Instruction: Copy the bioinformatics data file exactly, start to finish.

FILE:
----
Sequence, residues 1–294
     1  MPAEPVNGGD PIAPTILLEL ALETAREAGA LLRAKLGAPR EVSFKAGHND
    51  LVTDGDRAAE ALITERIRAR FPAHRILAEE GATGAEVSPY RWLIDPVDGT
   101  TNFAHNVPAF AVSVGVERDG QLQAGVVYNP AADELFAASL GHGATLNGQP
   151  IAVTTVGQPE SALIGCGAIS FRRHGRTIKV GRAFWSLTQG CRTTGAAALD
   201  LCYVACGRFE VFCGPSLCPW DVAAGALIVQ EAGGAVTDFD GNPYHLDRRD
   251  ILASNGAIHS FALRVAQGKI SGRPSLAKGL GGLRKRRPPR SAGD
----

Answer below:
Sequence, residues 1–294
     1  MPAEPVNGGD PIAPTILLEL ALETAREAGA LLRAKLGAPR EVSFKAGHND
    51  LVTDGDRAAE ALITERIRAR FPAHRILAEE GATGAEVSPY RWLIDPVDGT
   101  TNFAHNVPAF AVSVGVERDG QLQAGVVYNP AADELFAASL GHGATLNGQP
   151  IAVTTVGQPE SALIGCGAIS FRRHGRTIKV GRAFWSLTQG CRTTGAAALD
   201  LCYVACGRFE VFCGPSLCPW DVAAGALIVQ EAGGAVTDFD GNPYHLDRRD
   251  ILASNGAIHS FALRVAQGKI SGRPSLAKGL GGLRKRRPPR SAGD